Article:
This page contains data on the courses that I teach. For course schedules
and other information, see the Registrar's section of UT
Austin Web Central.
Madeline M. Maxwell's
CMS-CSD 314L Language
and Communication (UG)
This undergraduate course is designed to introduce some ideas about the
role of language in communication and methods scholars have used in their
investigations. Students learn to think analytically about language and
communication. There is also ample opportunity to (in the words of David
Crystal, the author of the Cambridge Encyclopedia of Language) "celebrate
the existence of human language." Students do field projects and take-home
essay examinations covering issues in the complexity of human languages,
languages in contact, how language relates to status and relationships,
some of the range of human problems that have a communication cause or
solution, some of the language rights that are often threatened by language
prejudice and discrimination as well as by linguistic and ethnic/national
competition or the need for special treatment, and the role of language
modality. Some of the reading is on the World Wide Web.
CMS 354 Conflict Resolution
Conflict and communication are pervasive in human social life. There are
differences in disputes involving participants with different backgrounds
and goals in different situations, but there are similarities and identifiable
underlying dimensions in conflict talk. Some relevant dimensions may be
gender, role, ethnicity, nationality, and even family background. The purpose
of this upper division undergraduate class is to explore a framework for
systematic analysis of conflict and communication and to learn some of
the effects of communication on conflict and of conflict on communication.
Activities for learning include reading about conflict and communication,
analyzing conflicts, and experiencing and evaluating communication behaviors
that are said to be effective in conflict talk.
CMS 371K Internship in
Conflict Resolution (UG)
This internship is an opportunity for students to get hands-on training
in mediation and other intervention techniques. Through the Conflict Resolution
Center, they offer services to the campus community. They then participate
in research on the interactions that take place in the mediations. Graduate
students who register (with permission) for CMS 380E and participate in
the training will have additional assignments. Students may repeat this
course once, with instructor permission.
CMS 384K Reading the Ethnography
of Communication (G)
How does one draw ethnographic ideas from interactional data? In this class
we will study a number of ethnographic studies to develop criteria for
critiquing ethnographic work, with a focus on discourse analysis. Various
authors have used different methods of discourse analysis in ethnographies
of communication. Our emphasis will be on these discourse methods, i.e.,
on using close transcription of talk in interaction, to support ethnographic
claims. Students complete 5 homework assignments, 2 article critiques,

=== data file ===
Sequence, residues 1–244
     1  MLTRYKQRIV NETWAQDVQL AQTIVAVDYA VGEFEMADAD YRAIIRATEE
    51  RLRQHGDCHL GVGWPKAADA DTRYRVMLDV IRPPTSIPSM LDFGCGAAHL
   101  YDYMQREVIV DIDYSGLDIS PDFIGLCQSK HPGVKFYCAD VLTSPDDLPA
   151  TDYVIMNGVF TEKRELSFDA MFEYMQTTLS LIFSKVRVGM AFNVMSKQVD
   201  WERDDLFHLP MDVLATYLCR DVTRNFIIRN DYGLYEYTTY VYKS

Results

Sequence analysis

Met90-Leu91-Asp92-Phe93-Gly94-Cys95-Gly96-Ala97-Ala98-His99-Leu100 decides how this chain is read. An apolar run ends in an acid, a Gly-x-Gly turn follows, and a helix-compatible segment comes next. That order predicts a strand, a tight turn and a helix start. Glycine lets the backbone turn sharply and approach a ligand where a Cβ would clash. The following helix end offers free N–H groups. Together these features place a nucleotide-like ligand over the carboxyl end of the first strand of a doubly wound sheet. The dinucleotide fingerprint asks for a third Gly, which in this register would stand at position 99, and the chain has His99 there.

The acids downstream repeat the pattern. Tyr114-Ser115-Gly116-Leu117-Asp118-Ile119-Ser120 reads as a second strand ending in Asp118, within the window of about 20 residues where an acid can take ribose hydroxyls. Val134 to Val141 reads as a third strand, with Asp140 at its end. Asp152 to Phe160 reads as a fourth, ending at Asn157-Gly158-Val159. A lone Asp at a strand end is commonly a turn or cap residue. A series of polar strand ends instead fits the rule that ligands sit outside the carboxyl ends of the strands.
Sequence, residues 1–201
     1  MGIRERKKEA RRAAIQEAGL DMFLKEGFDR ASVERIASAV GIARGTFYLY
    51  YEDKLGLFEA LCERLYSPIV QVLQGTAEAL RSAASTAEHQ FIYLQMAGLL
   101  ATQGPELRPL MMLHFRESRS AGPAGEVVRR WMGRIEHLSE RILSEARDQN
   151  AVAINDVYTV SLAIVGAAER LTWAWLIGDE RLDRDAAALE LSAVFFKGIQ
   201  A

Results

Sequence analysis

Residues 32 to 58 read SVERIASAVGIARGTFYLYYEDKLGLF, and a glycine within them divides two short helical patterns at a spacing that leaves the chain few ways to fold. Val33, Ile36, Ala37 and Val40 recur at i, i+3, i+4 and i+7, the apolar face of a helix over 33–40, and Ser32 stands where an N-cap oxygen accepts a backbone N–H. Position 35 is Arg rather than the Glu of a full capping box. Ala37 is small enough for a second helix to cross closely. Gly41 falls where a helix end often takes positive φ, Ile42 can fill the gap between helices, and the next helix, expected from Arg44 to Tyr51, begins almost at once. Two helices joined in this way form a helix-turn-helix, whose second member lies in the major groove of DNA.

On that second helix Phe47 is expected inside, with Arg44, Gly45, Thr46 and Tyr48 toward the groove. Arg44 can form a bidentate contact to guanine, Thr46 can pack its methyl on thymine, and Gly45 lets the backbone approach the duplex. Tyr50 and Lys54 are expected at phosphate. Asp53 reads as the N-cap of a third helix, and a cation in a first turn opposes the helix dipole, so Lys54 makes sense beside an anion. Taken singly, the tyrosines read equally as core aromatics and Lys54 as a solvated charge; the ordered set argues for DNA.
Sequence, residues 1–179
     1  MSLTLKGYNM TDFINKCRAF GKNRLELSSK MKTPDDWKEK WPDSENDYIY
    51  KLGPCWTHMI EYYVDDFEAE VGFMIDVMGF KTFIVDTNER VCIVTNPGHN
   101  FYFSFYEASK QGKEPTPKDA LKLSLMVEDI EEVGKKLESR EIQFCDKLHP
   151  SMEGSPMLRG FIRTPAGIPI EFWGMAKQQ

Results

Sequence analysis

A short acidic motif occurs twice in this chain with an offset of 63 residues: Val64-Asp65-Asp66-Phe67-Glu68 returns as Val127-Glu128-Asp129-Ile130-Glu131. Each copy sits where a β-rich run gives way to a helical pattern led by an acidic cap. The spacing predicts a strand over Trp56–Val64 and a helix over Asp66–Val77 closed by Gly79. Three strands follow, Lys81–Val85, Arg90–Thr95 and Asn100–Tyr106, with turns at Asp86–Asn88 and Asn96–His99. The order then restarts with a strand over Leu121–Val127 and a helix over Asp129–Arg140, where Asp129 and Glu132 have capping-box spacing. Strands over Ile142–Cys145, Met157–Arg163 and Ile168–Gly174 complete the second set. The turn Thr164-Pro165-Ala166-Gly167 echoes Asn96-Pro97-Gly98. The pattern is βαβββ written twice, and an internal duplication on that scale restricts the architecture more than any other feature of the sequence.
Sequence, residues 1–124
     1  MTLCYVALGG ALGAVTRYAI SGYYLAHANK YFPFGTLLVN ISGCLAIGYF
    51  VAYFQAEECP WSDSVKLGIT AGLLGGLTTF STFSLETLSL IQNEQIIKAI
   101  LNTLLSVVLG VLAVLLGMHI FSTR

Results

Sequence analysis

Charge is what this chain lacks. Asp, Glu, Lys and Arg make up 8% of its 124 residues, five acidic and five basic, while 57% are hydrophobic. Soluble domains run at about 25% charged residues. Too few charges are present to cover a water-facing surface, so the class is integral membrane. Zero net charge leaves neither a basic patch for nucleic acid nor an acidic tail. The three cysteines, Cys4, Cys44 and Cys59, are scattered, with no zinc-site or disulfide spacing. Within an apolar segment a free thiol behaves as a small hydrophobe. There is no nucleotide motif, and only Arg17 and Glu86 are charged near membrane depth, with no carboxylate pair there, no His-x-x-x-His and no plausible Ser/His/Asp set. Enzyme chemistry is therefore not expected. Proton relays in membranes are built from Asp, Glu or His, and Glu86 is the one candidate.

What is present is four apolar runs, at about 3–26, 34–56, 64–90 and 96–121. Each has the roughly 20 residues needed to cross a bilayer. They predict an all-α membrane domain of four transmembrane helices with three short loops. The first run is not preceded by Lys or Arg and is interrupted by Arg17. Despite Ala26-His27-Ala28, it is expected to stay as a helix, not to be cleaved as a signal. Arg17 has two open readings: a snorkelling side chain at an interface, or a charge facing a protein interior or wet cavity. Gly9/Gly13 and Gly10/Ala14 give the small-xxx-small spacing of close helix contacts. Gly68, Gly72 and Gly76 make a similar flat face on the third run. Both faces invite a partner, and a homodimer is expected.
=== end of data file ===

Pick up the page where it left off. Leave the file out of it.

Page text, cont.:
1 essay, & 1 critique of a book-length study.
CMS 384K Writing the
Ethnography of Communication (G)
To do ethnography has meant to write ethnography, to make not only insightful
observations but to provide the warrants that connect their observations
with their interpretations. The purpose of this graduate class is to engage
in fieldwork in the ethnography of communication, including participant
observation and interviewing, with an emphasis on writing notes, interpreting
data and providing warrants in strong arguments. There will be readings
related to the fieldwork, but this is not primarily a course in the literature.
For that purpose, take Reading the Ethnography of Communication, taught
in alternate fall semesters. Students will do some fieldwork together,
comparing observations and perspectives and then select a topic to pursue
for the rest of the semester. This fieldwork may result in a piece of ethnographic
writing or (more likely) a proposal for a research project.
CMS 386P Language, Culture,
and Communication (G)
This graduate course examines the relationships between language (meaning
systems, symbolic structure) and cultural forms of thought, action and
imagination. Particular attention is paid to developing an approach to
communication that combines the formal properties of language with the
dynamics of social interaction. We use this class to read some of the theory
that students have missed or want to pursue in greater depth. Last time
we read Bourdieu, Hanks, Goffman, Bruner, Hymes, and some other key authors.
CMS 384K Contemporary
Ethnography of Communication (G)
We will visit ethnographies of communication, the blending of conversation
analysis and ethnography, film ethnography, fictional ethnography, autoethnography,
and critical ethnography. The notion “culture” is being claimed by many
different positions both within and outside the academy. What role does
ethnography play in the “culture wars” and the critical theory movement?
While there are many "types" of ethnographies, recent innovation involves
the inclusion of discourse interaction. How does one draw ethnographic
ideas from interactional data? Various authors have used different methods
of discourse analysis in ethnographies of communication. Our emphasis will
be on these discourse methods, i.e., on using close transcription of talk
in interaction, to support ethnographic claims. Students will also engage
in fieldwork and complete a mini-ethnography of their own.
CMS 386P Seminar in Conflict Talk (G)
2 August 00
The College of Communication
The Department of Communication
University of Texas at Austin
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